A panic attack, otherwise known as an anxiety attack, is when someone feels intensely overwhelmed. They can be caused by a life stressor, such as a divorce, death, or public speaking. Many times, though, they occur spontaneously for no apparent reason. Typically the person will experience physical symptoms such as:
- Heart palpitations or a racing or pounding heart
- Shortness of breath
- Chest pain
- Dizziness or lightheadedness
Additionally, many people report a wide array of feelings, including:
- Fear of going crazy
- Fear of losing control
- Fear of dying (especially if they are experiencing any chest pain)
- Feeling detached from themselves
- Feeling like they are no longer in reality
Panic attacks can feel so overwhelming and debilitating. Here are several ideas on how to de-escalate yourself when you feel a panic attack coming on.
1. Belly breathing. Many people know that deep breathing is supposed to help them, but report that it does not or that it makes the situation worse. Typically this is because they are breathing incorrectly by filling their chest with air. Doing so can actually exacerbate the situation and cause someone to hyperventilate. Instead, try belly breathing. Place one hand on your chest and one on your belly. The goal is to have your belly rise and fall as opposed to your chest. Then, breath into your nose and out through your mouth. Many people find it helpful to count while breathing. For example, breath in for four counts, hold your breath for four counts, and breathe out for eight counts.
2. Progressive Muscle Relaxation. When someone is having a panic attack, their body naturally tenses up. By relaxing the muscles, breathing and the mind are also able to slow down. Start with any part of your body, such as your hand. Clench your hand tight and then relax it. Move slowly up your arm, clenching and releasing your muscles as you go, until you have gone from head-to-toe. You can do this exercise while doing the breathing exercise. Breath in for four counts while clenching your fist, hold for four counts still clenching, exhale for eight counts while relaxing your hand.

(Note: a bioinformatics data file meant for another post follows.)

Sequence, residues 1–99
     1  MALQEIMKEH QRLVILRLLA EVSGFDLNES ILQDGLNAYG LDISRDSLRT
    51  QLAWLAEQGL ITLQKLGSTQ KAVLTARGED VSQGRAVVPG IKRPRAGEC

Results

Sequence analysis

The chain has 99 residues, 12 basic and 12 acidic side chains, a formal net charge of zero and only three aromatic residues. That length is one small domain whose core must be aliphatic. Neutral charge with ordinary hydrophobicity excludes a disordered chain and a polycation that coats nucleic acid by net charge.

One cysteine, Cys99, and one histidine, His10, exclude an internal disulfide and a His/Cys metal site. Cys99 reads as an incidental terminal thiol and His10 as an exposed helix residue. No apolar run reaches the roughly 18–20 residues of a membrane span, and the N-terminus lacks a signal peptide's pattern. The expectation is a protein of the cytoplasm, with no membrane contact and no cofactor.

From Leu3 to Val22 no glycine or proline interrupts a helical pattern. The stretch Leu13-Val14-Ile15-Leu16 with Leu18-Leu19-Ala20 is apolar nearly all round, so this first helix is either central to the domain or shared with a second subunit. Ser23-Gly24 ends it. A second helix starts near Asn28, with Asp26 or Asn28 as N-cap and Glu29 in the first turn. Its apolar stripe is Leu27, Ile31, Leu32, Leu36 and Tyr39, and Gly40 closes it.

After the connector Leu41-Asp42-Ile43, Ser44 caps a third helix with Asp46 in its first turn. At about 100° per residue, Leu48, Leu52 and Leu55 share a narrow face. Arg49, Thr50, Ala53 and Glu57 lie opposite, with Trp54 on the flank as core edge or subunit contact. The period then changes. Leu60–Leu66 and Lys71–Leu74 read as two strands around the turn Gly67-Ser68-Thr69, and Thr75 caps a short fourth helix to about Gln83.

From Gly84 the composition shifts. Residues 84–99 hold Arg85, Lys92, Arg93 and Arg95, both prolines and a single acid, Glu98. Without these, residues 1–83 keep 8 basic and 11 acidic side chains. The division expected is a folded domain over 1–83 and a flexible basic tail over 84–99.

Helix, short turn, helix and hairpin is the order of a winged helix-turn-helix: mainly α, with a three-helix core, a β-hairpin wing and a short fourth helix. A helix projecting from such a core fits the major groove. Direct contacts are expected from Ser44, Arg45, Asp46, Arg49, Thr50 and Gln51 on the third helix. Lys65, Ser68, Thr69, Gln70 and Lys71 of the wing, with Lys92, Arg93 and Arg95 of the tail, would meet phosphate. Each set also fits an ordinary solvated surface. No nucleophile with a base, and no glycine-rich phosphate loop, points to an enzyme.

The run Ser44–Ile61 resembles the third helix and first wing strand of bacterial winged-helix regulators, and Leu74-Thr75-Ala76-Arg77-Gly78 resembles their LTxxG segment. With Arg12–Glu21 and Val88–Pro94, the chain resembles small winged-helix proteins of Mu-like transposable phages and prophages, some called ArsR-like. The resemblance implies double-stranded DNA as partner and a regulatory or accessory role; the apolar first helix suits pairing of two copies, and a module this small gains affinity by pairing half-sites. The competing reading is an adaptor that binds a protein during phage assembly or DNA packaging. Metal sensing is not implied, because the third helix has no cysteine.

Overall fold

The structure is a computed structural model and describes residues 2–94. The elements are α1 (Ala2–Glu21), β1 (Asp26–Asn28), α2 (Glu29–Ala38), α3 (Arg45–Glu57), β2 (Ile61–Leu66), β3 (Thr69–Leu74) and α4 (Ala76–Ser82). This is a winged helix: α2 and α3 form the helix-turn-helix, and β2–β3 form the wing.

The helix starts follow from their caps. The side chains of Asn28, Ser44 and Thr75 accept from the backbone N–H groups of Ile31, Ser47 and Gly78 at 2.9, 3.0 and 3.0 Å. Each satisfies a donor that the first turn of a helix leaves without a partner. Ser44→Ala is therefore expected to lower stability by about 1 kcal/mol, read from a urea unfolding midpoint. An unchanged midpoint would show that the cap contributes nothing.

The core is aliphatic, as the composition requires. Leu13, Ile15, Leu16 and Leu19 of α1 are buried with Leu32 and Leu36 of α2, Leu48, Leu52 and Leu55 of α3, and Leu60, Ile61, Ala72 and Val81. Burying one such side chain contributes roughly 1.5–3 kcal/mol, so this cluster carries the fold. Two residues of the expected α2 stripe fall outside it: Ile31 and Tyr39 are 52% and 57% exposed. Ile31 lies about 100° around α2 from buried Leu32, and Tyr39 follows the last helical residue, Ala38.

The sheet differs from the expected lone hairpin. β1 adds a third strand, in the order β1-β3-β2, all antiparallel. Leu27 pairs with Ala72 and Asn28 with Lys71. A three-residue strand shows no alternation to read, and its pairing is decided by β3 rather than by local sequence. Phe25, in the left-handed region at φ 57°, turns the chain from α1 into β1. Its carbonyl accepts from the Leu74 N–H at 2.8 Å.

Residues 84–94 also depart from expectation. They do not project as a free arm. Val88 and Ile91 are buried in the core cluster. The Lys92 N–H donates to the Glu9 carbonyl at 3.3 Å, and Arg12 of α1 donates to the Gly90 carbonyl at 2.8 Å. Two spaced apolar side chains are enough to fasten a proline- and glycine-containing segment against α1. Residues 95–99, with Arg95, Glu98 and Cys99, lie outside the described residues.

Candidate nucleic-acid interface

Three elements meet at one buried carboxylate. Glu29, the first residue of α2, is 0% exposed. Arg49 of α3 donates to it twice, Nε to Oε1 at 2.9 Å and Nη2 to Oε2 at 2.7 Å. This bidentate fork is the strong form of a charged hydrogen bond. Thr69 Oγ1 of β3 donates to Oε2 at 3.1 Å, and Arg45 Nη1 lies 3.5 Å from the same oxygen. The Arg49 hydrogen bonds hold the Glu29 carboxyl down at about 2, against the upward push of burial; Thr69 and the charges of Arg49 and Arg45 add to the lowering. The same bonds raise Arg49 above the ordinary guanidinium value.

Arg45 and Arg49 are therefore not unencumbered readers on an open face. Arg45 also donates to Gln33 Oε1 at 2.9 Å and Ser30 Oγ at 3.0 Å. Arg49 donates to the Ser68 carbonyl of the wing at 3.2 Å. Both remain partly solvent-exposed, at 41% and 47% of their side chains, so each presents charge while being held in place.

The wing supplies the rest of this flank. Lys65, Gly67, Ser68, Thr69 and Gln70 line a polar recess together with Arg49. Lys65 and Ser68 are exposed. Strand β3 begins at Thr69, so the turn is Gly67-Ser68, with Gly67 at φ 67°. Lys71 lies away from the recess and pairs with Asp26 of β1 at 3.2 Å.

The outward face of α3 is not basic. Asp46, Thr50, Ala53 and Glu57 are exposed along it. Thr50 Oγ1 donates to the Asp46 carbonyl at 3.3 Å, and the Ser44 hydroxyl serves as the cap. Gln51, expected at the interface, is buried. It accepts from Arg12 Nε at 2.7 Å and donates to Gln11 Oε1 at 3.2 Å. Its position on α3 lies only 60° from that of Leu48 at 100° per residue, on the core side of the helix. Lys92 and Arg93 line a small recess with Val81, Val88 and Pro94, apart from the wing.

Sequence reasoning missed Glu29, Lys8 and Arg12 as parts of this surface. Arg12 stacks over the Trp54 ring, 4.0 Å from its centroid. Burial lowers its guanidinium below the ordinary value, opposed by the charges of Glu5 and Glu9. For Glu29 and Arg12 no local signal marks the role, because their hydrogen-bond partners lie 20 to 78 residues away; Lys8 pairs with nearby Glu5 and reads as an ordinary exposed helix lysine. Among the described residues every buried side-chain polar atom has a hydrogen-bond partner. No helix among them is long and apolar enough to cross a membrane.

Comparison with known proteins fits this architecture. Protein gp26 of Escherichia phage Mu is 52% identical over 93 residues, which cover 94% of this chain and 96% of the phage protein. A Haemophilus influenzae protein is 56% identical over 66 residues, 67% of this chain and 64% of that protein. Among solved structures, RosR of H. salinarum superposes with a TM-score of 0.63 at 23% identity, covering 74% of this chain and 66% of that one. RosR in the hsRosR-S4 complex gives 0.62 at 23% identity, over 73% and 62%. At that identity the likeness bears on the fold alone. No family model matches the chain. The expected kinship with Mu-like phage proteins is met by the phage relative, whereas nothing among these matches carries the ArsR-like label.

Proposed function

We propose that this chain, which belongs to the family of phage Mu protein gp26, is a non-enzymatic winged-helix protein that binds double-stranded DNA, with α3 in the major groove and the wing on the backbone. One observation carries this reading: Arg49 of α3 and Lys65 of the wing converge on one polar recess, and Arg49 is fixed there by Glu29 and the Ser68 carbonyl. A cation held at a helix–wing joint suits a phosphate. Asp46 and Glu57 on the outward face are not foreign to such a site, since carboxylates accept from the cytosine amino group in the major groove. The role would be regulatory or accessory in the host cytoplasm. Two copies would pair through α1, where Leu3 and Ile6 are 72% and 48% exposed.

3. Describe something in detail. The goal here is to get your prefrontal cortex of your brain to re-engage. When someone is having a panic attack, their prefrontal cortex essentially shuts down. This is the part of the brain that controls rational thought, so it helps to get it up and running again. This exercise is best done aloud. Pick an everyday task and describe it in detail. Here is an example: I will describe myself walking to my car to go somewhere:
- Stand up.
- Turn off lights in the office.
- Walk to my office door.
- Open the door and walk through the doorway.
- Close the door.
- Walk to the coat rack.
- Put on a coat, hat, and gloves.
- Pick up my purse.
- Open the door to the garage and walk through the doorway.
- Close the door.
- Push button to open garage door.
- Walk down the steps and to the car.
- Place hand on door handle and open car door.
- Get into the car and close the door.
- Place the purse on the passenger seat.
Describing something is such detail helps refocus the brain and slow things down, which helps in slowing down the panic attack.
4. Change the temperature: When someone is having a panic attack, sometimes they feel quite warm. Counter this feeling by taking a cold shower, holding ice in your hand, drinking a cold beverage, or putting a bag of frozen peas on the back of your neck. These work to jolt your body and brain out of the panic attack and back into reality.
5. Engage your five senses: Another way to get back into your body is to engage your senses in a 5-4-3-2-1 exercise. Out loud, name five things you can see and describe them. Touch four things and describe them (texture, temperature, weight, etc.). Listen for three sounds and name them. Find two things that have a scent and smell them, again describing the scent. Lastly, find a food or drink you can taste and describe it.